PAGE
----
Copper, for example, is well-known by most people as it has been used for centuries for constructing buildings. Those green copper domes atop cathedrals or state capitols are good examples of copper that has oxidized over a long time and turned colors, naturally, as the copper develops and the exterior coating starts out brown, then black, and then, finally turns green.
We often see non-ferrous metals used in industrial applications such as gutters, roofing, pipes and electrical components. Non-ferrous metals also include brass, gold, nickel, silver and lead.
All these natural metals are very soft—very unlike steel! Soft metal does not necessarily mean weak metal, but their strengths are manifest in different ways. Lead, as we know, does a great job of blocking radioactive rays; hence the lead aprons we wear when getting x-rayed at the dentist office. Lead is also, very surprisingly for some, extremely soft. Lead can be molded, formed and shaped with something as easy as your hands and a light mallet. Lead is surprisingly dense as well and will shock most by how heavy it is. The saying “That will go over like a lead balloon” is quite appropriate when a person realizes just how dense and heavy lead really is. So, again, strong, heavy, thick—but not rigid, which showcases a big difference, in this example, between traditional definitions of ferrous and non-ferrous metals.
Another characteristic of non-ferrous metals is that they are usually very expensive. Gratefully, extra expense, in many cases, is justified because most non-ferrous metals last a long, long time, which is another strength when compared to ferrous metals. Iron corrodes easily in the form of rust, something we all understand. Rust actually eats away at iron until it returns back to mother earth.
Non-ferrous metals, on the other hand, often have oxidation processes that seal themselves against wearing agents like oxygen and H2O. We previously talked about copper—aluminum does the same. It develops a white oxidization layer that settles over the metal, appearing almost like a white film. That is a layer of oxidation that prevents continued reaction, preventing the metal from completely disintegrating.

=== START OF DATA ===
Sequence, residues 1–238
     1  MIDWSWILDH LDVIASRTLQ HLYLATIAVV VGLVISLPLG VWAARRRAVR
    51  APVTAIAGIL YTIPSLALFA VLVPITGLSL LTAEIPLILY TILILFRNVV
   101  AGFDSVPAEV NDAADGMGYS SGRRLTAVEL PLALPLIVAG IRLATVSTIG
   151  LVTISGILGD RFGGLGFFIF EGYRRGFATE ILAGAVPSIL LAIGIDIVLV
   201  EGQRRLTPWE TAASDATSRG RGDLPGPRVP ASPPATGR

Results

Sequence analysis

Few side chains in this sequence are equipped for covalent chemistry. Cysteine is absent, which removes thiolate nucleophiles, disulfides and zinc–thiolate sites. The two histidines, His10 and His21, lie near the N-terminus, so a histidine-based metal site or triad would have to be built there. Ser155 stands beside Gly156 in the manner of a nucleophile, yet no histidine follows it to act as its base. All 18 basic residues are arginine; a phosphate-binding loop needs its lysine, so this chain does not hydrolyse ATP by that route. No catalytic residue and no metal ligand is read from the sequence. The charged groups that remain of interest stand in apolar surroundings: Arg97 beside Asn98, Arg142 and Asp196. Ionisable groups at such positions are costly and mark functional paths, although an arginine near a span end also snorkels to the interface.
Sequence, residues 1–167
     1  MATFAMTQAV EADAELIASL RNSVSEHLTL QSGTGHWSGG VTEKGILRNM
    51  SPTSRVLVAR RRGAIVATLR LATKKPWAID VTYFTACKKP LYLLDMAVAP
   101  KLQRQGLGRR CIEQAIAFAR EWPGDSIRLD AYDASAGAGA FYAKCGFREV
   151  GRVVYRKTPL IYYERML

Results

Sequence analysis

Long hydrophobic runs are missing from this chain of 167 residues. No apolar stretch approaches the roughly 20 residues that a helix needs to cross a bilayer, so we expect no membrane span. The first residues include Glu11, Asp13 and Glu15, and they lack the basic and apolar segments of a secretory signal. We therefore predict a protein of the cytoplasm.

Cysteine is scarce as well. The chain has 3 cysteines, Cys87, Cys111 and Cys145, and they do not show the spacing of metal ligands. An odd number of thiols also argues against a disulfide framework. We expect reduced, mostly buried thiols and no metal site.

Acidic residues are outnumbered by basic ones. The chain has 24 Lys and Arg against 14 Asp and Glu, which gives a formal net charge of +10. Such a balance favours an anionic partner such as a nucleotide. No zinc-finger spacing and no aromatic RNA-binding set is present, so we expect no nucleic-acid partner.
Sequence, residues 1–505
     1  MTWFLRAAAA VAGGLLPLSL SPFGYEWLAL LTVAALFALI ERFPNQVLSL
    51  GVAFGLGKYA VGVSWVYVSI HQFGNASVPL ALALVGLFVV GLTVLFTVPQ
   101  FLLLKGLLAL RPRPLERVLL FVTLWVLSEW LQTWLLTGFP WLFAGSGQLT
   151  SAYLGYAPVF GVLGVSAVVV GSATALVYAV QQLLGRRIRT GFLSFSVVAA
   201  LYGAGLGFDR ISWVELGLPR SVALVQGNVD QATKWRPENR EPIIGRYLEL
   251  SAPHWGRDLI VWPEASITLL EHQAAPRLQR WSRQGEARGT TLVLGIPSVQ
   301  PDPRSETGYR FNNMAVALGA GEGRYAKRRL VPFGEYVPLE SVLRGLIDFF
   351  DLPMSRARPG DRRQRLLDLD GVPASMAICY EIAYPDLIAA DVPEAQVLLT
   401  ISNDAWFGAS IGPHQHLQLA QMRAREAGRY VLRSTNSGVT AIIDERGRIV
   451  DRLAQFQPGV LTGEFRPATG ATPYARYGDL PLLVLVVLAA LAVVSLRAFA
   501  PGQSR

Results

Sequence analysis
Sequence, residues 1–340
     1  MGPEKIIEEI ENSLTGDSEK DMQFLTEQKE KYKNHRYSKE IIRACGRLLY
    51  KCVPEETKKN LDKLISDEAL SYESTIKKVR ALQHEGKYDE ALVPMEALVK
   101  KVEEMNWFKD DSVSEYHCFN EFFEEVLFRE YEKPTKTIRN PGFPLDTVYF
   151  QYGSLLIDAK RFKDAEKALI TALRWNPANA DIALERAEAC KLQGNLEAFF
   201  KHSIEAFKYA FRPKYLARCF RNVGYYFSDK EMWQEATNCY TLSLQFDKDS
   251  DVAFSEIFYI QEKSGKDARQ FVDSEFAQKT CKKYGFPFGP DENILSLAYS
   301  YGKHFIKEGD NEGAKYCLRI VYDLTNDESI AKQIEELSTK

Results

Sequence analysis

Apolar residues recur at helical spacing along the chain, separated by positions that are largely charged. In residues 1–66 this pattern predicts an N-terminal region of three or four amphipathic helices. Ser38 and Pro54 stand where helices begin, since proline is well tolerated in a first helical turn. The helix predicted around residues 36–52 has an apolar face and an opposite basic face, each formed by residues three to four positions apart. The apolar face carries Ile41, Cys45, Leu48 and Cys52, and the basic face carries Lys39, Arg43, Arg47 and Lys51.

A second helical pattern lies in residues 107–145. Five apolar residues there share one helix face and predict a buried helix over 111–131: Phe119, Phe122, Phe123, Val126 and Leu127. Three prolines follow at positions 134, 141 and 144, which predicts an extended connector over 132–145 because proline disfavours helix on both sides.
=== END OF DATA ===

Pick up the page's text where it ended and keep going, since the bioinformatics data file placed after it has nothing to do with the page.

Other common properties of non-ferrous metals are non-magnetic, malleable and lightweight. This makes them ideal for use in aircraft and other applications.
Aluminum: Lightweight, low-strength, easily shaped
Copper: Highly malleable with high electrical conductivity
Lead: Heavy, soft, malleable metal; low melting point, low strength
Tin: Soft, malleable, low tensile strength metal often used to coat steel to prevent corrosion
Zinc: Medium-strength metal with low melting point widely used in galvanizing to prevent rust on iron or steel
All Metals Fabrication does a great job of fabricating non-ferrous metals as well. This has become even more applicable in today’s world where fiber lasers have entered the market. Most non-ferrous metals were hard to cut on traditional CO2 lasers because of reflectivity (laser beams reflecting uncontrollably off the bright copper, brass and aluminum alloys).
New fiber lasers use different cutting technology which allows for cutting these reflective materials without the danger of backward laser reflection.
Copper shingles, for example, are something we can now cut in multiple decorative shapes without having to do it manually. Heavy aluminum plates are another example of parts that before were hard to cut, as the laser beam would reflect uncontrollably out of the “puddle” of melted aluminum, and now is much easier to manage, allowing us to manufacture aluminum plate parts out of material as thick as one inch.
Whether ferrous or non-ferrous metal fabrication, All Metals Fabrication is an industry expert and can help you solve the fabrication puzzle. We work with nearly every metal mentioned above including steel, stainless steel, aluminum, copper, zinc, lead and many other variations or alloys of these standard groups. Metal fabrication is a foundational industry that has its roots with blacksmiths of old.
Contact us to learn more at email@example.com. We would love to hear from you.